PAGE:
MSDH used what firm authority it does have to mandate that hospitals change their system of care to make room for the coming surge of the COVID-hospitalized. “By Monday, Aug. 1, hospitals must begin to delay certain elective procedures that require overnight hospitalization, and this should increase our critical resource availability within these hospitals,” explained Jim Craig, MSDH’s director of health protection. The delay will remain in effect until Aug. 15 at the earliest.
Vaccinations Show First Uptick In Months
One small ray of hope shone through the dismal news at yesterday’s MSDH press event: Vaccinations are up for the first time in months. New shots are being administered at twice the rate of previous weeks, still down significantly from the busy days of the vaccine’s early availability, but up from a deep trough beginning in late May.
That said, Mississippi still trails the entire nation in virtually every metric of vaccination, struggling at just over one-third of the population fully vaccinated, compared to just under half for the nation. Even over-65 vaccinations, the most at-risk group, lingers at 70% compared to 80% in the rest of the country, representing a dangerous opening for COVID-19 to claim more vulnerable lives than elsewhere.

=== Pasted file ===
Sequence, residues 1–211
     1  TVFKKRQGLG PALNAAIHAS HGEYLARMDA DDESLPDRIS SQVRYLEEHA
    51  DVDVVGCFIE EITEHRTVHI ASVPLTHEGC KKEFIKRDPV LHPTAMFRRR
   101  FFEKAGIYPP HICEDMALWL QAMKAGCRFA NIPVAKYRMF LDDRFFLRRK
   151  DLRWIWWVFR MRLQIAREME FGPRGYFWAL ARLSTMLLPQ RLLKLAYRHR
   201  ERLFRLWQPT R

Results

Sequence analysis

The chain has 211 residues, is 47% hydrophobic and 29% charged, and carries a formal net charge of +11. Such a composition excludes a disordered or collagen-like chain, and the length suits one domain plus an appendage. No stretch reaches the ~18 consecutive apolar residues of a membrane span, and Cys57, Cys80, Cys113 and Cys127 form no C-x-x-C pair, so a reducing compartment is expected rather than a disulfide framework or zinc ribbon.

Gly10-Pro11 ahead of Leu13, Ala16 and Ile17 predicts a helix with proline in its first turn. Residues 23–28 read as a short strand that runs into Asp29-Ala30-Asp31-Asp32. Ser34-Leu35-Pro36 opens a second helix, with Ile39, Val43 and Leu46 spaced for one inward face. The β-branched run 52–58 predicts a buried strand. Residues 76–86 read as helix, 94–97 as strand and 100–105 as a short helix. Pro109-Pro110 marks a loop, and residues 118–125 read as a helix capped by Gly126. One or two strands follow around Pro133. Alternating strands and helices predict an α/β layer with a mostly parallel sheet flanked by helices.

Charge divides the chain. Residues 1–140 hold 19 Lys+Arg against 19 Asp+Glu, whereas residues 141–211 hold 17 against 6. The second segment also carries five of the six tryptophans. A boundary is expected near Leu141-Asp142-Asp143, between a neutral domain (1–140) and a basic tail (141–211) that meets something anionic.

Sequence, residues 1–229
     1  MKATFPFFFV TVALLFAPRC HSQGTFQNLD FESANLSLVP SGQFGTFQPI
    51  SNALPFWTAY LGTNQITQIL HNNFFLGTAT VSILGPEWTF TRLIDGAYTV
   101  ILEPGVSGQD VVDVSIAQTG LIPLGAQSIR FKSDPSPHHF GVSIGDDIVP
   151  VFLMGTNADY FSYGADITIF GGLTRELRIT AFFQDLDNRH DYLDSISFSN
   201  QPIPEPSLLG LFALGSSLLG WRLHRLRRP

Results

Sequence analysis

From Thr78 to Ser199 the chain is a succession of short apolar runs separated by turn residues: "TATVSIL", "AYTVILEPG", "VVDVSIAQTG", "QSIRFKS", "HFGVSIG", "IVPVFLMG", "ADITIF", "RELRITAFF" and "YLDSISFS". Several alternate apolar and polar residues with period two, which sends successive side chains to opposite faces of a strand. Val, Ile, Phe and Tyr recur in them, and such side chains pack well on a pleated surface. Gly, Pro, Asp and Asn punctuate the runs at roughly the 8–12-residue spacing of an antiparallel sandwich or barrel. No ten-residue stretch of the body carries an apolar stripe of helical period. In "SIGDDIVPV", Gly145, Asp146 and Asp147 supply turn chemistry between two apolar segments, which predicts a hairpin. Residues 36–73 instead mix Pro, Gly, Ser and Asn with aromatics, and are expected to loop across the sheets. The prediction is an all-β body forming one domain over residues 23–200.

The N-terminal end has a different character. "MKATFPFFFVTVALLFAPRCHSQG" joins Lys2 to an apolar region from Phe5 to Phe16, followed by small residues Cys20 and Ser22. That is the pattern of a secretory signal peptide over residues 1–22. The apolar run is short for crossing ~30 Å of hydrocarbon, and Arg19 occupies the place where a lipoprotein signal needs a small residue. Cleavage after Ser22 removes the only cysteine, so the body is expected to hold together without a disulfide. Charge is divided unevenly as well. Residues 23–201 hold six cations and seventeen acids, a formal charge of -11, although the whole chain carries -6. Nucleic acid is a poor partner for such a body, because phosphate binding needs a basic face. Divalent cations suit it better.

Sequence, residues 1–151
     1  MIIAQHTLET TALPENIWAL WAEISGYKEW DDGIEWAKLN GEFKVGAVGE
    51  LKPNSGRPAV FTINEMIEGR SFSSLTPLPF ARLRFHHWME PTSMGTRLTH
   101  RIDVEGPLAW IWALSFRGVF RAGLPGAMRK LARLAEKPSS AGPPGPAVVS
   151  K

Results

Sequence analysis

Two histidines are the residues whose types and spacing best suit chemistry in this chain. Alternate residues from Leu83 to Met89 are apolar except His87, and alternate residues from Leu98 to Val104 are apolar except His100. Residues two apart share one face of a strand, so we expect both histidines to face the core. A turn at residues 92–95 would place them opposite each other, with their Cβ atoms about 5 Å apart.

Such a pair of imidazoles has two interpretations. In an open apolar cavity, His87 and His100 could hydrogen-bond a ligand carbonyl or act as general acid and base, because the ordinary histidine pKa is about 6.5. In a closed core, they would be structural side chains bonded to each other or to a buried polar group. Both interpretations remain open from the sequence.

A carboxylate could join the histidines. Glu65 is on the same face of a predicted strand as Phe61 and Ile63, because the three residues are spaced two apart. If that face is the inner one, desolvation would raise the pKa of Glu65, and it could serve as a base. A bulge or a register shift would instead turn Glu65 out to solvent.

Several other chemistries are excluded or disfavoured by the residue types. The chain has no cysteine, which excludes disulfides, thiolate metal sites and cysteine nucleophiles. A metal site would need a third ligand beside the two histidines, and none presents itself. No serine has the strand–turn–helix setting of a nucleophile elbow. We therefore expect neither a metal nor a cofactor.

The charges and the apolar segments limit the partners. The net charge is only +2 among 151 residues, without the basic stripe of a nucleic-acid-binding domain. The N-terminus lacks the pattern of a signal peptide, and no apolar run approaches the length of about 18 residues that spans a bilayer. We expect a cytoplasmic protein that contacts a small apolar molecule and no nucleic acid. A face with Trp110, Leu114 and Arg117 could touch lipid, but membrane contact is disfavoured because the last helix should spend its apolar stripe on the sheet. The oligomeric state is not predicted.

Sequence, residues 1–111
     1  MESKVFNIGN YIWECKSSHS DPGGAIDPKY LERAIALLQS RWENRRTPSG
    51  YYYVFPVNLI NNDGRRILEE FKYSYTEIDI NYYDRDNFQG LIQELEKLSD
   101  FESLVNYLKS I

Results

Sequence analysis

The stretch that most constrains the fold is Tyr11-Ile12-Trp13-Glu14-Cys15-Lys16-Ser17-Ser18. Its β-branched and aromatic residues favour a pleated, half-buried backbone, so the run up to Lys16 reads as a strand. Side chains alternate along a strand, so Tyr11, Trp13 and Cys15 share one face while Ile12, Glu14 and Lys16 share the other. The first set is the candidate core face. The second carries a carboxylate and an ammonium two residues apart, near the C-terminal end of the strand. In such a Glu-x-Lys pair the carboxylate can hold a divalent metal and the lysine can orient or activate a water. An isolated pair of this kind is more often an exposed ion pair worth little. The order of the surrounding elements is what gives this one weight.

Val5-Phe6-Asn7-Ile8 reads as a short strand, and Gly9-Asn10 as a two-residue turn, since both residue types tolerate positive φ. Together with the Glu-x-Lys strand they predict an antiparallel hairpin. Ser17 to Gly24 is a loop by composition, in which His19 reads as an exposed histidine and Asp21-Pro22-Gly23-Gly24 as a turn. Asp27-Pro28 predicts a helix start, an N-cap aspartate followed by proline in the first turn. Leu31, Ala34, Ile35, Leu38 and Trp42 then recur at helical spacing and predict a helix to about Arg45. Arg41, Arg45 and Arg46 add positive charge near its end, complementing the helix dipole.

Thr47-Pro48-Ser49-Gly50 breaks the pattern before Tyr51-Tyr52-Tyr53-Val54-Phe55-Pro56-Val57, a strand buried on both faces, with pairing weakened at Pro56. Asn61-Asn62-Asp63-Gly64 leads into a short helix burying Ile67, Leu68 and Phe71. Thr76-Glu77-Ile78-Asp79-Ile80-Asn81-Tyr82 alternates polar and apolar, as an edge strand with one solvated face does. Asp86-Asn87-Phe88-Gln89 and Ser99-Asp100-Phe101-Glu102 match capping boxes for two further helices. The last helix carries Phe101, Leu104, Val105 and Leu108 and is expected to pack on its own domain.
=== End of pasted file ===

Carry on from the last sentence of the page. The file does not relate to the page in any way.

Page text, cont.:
For the younger populations in the state, less at risk of death and hospitalization, questions remain about the severity and impact of the growing surge. “We don’t have clear information on the prevalence of long COVID,” Byers acknowledged yesterday, suggesting that the lingering symptoms that have plagued many for months well after the virus itself abates will be the consequence for a totally unknown segment of Mississippi’s population.
‘Fighting a Monster’
The exhaustion of a fourth wave of COVID-19, well over a year after the virus first came to the U.S., is readily apparent in the voices of the state’s health leadership. The forces of disinformation spreading anxious fantasies about both the virus and the vaccine are challenging their task of eliminating COVID-19 in the Magnolia State.
“We’re fighting a social-media monster that’s been fed with endless misinformation,” Dobbs said. Still, the state health officer added that the majority of Mississippi’s unvaccinated population were not committed vaccine reactionaries, but rather individuals who could still be reached and convinced that the shot is worth taking.
“Most of the folks out there who are unvaccinated are unsure,” Dobbs said. “We need to make sure the unsure folks know how to make the right decision. And that’s the main thing we can do: Try to speak the truth about what’s going on. Even if people don’t like it, that’s our job. We know what works, we know what masking works. It’s going to keep our kids in school.”
Somehow, with another brutal surge bearing down on the state’s health-care system, Mississippi’s nurses, doctors and other caregivers must summon the force of will to muddle through. “If you’re in a (hospital), be patient. You may be in the ER twice as long as you’re used to. You may be transferred many hours away. That’s just the inevitability of where we are,” Dobbs lamented.
“It’s going to be a challenge like we’ve never seen. I know that sounds remarkable, but it’s true.”